Rivals turned partners take home big prize at Showtime on Sabine

Published 7:46 pm Sunday, July 12, 2020

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Travis Land of Seguin and Jimmy Lloyd of Lumberton are usually rivals at these sorts of fishing tournaments. But at the Elite Redfish Series’ Showtime on Sabine tournament, which took place at the Pleasure Island RV Park this weekend, the pair fished together for the first time.

“We’ve fished against each other for a long time,” Lloyd said. “We’ve been tournament fishing for years. In fact we’ve won our share of them but it was kind of cool getting in a boat with one of my adversaries for a while. It’s pretty fun.”

It was quite lucrative for the pair, too. Land and Lloyd finished Sunday with a brand new, 22-foot Tidewater 2110 Baymax boat with 200-horsepower Yamaha outboard motor and McClain custom tandem axle trailer, as well as $10,000 in additional prize money, all by winning the Showtime at Sabine tournament as well as the Big Bag and Angler Advantage side pot competitions.

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Land and Lloyd’s six fish, three caught each day, totaled 52.72 pounds. The team of Cooper Hartmann and JC Algueseva placed second with 48.55 pounds, winning $2,000, and the team of Debbie May and Jake Jordan placed third with 47.98 pounds, winning $1,000.

The fishing itself was challenging. Cloud cover, wind and dirty, shallow water made for tough conditions, as nearly all contestants attested too.

“There’s the best of the best here,” Algueseva said. “We see that some of the guys struggled, and we got lucky enough to be able to pull it off a little bit, but we hope we’re in the top five.”
Pat Malone, event organizer and show host, said that a strong west wind drained a good bit of water, and with the water went many of the fish the anglers scouted earlier in the week.

“There’s excellent places to fish but the west wind blows the water out of them, just like draining a bathtub, and they can’t get in them,” Malone said. “A day or two ago, the fish start feeling that water go past their gills, and they’re not stupid, so they start moving out too. That’s just one of the conditions these pros have to battle out here.”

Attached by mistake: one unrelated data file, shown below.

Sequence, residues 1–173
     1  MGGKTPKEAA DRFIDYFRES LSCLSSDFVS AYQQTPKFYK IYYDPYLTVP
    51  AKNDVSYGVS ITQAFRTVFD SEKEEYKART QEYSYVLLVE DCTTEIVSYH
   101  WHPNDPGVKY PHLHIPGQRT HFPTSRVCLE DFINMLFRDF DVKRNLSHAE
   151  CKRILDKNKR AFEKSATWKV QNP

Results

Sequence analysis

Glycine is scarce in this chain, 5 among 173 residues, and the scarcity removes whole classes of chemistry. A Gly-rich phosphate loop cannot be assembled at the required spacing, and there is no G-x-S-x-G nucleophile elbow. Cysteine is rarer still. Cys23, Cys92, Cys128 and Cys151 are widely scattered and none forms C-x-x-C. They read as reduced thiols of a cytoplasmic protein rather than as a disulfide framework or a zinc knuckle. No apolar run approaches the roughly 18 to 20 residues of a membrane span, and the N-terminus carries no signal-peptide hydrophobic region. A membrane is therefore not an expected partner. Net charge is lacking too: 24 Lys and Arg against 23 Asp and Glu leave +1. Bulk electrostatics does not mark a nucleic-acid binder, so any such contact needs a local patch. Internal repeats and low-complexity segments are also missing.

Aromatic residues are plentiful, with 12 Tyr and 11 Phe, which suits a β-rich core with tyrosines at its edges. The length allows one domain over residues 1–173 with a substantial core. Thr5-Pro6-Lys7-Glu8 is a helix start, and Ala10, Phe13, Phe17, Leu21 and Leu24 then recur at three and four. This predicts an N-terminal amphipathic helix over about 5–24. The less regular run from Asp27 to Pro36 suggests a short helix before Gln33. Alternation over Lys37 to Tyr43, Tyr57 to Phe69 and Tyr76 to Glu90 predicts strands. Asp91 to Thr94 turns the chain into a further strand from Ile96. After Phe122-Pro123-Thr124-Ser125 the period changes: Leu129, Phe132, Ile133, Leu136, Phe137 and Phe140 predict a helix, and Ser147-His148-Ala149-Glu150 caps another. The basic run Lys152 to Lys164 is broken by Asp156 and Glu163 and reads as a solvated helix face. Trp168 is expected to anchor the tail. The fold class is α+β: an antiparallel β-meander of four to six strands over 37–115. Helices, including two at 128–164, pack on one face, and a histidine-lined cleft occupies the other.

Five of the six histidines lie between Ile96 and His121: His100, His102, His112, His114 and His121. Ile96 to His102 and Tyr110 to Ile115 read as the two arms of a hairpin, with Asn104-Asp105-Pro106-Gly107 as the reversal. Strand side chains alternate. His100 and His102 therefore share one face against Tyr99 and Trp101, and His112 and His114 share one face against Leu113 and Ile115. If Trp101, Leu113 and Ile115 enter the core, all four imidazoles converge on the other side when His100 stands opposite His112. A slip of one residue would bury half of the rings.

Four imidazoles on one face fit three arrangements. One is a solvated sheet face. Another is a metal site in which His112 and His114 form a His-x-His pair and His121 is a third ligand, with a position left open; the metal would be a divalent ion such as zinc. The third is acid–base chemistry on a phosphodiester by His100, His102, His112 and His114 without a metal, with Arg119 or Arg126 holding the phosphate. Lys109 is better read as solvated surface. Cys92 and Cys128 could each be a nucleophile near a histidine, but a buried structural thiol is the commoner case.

Several teams left Sunday without any fish to weigh, like Saturday’s leading anglers Lance Reynolds and Austin Angel. They ended the first day of the tournament with 25.98 pounds from three redfish. Reynolds and Angel were just 0.21 pound ahead of Land and Lloyd on Saturday.

Father and son team Mike and Luke Donewar had a difficult first day but managed to double their weight on the second.

“We’re just hoping to move up to the top 10,” Mike Donewar said. “We had a bad day one. We had fish, but it was just shallow. There was no water so we couldn’t get to them. We tried to make up for them today. We almost doubled our weight today from yesterday. It’s tournament fishing. Weather changes and water changes and it is what it is.”
Mike Donewar usually fishes with another partner, but decided to take Luke along this year. Luke is no stranger to fishing, however.

“I’ve been fishing tournaments since 2002 and he’s been fishing since he was 6 years old,” Mike Donewar said of Luke. “He’s not the average 10-year-old out there. So we do this on a regular basis, plus we fish every weekend and during the week also.”

For their part, despite the challenges during the tournament, Land and Lloyd still love the fishing on Sabine Lake.

“This place can give you rock fishing,” Lloyd said. “It can give you bay fishing. It can give you clear water sight casting. It can give you dirty water. Whatever you want to do is here, and they’re everywhere you want to go. It’s just a matter of dialing in on what’s going to play out.”

Malone said that putting together the event in accordance with COVID-19 safety orders was also a challenge but is happy with the way the weekend turned out.

“It was pressure packed, having to keep a lot of safety precautions intact,” Malone said. “At the end of the day, the guys worked really hard at it. It was something new to them. Some of the anglers come from states where it’s not required so a lot had to go buy things because a lot of states they don’t have to worry about it. So we got on them and told them we needed to be safe and keep our distance and make sure we wear buffs when we couldn’t keep our distance. It’s such a sport that’s about camaraderie. I think once they got in the flow of it they became more conscious of it.”